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Why You Always Want a Survey When Buying Commercial Property

Jan 12, 2017

By Craig T. Watrous:craig.jpg

Surveys are an integral part of any commercial real estate transaction, though sometimes their value comes into question. This post will describe why ordering and careful review of a survey is critical for virtually all commercial real estate transactions.

Not all surveys are equal.  A few common surveys in real estate transactions include: as-built surveys, boundary or land surveys, and ALTA surveys. The type of survey needed depends in large part on the type of commercial transaction, and the type is often a specific requirement for lender financing and title work. 

Types of Surveys:

  • An as-built survey is used generally to show the relationship of a new building to the plans and land; however, these surveys often do not include information on title or boundary issues. 
  • Boundary or land surveys are designed to locate and identify boundary lines between privately held parcels of land but often do not include the improvements (structures) that have been built on the land.
  • An ALTA (American Land Title Association) survey is generally the most comprehensive of the three surveys listed. It is prepared according to specific standards adopted by ALTA and the American Congress on Surveying and Mapping (ACSM). Most importantly, an ALTA survey shows property boundaries, improvement information (height, size, set-backs, etc.) and recorded title items such as easements and access. In most commercial property transactions involving buildings, an ALTA survey is going to be the best bet.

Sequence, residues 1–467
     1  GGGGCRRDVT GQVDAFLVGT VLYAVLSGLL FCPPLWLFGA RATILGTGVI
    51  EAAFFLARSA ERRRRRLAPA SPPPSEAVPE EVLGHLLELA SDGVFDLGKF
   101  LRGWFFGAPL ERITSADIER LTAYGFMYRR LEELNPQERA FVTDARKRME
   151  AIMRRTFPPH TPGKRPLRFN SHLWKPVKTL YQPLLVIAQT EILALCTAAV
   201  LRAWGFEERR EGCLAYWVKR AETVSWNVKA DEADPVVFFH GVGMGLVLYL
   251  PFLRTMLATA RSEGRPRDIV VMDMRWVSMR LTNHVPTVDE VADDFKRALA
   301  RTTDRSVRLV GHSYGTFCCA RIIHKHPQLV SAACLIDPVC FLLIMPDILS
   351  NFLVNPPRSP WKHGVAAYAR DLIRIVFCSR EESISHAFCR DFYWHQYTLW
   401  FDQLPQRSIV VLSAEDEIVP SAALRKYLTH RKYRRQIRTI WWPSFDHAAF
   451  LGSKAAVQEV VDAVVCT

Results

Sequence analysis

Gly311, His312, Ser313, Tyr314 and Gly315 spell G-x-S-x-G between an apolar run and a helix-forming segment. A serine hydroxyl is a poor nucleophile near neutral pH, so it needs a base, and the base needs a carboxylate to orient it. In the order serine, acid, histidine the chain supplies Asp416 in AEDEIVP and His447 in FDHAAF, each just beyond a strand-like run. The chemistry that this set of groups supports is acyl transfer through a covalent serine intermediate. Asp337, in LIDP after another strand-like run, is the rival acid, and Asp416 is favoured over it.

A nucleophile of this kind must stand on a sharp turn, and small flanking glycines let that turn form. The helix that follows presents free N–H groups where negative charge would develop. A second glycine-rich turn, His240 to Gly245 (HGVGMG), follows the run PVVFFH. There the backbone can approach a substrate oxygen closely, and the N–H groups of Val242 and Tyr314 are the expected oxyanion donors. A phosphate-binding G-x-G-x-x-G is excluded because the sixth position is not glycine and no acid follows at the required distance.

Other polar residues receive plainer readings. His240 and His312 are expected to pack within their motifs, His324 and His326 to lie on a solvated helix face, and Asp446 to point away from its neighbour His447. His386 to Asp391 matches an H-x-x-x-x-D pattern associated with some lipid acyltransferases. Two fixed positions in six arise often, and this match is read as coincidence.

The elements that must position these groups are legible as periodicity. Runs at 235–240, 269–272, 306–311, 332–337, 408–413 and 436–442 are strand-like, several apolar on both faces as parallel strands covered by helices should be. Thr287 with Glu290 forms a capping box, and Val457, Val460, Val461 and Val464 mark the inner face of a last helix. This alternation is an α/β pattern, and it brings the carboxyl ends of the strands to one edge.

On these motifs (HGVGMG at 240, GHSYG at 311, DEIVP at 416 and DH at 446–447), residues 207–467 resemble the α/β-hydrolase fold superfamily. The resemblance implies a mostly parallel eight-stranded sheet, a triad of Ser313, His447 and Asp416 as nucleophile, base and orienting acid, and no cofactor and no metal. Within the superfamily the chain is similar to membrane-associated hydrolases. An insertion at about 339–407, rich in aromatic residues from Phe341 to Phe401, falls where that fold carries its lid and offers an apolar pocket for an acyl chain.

Why a Survey is Critical:

Some people question the need for a survey if good title insurance is being purchased. While adequate title insurance is a separate critical component of commercial property transactions and the topic of other blog posts, a survey reveals matters not covered by title insurance. For example, ALTA extended title insurance coverage does not disclose the location of utilities, improvements, the relationship of record lines to occupied liens, the relationship between adjoining landowners, or other non-recorded matters that affect the land. A good ALTA survey should show all of these items. Without a survey, a buyer will not have an accurate picture of what the legal description of land you are acquiring looks like on the ground. Photos, though valuable, do not contain the same information that a survey does.

A survey confirms basic and material information about a property, its location and existence. It depicts discrepancies between the actual use of the land and the recorded legal description. It shows the relationship of the property to adjoining properties, as well as the location of physical improvements (not just buildings but also landscaping, parking, utilities, etc.) on the property in relation to the boundaries. The survey may also give the buyer information on whether the property is in violation of zoning ordinances. It can confirm the property’s size, setbacks, and the improvements’ heights and sizes.  It will show recorded easements, access, parking, encroachments, and the location of utilities. It will also illustrate if the property is located within a flood plain or other flood hazard area. When paying the price for a piece of commercial property, all of this information is highly relevant. Only with a survey can all of this information be concisely recorded, displayed, and carefully considered in the course of the buyer’s due diligence.

If you need legal assistance with your commercial property transaction, give us a call. For more information on our commercial property practice, visit our commercial real estate page. 

Related Posts:

9 Items to Request in the Purchase of an Office Building

Things to Consider When You’re Buying a Business
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Mallon Lonnquist Morris & Watrous, PLLC, is a business, employment, real estate, and litigation law firm. Craig T. Watrous is a Colorado real estate attorney and partner at MLMW, based in Denver, Colorado. Craig regularly represents clients on both sides of commercial property transactions both in contracting and disputes. Craig can be reached at cwatrous@mlmw-law.com and (303) 722-2165.

 

 

 

 

 

 







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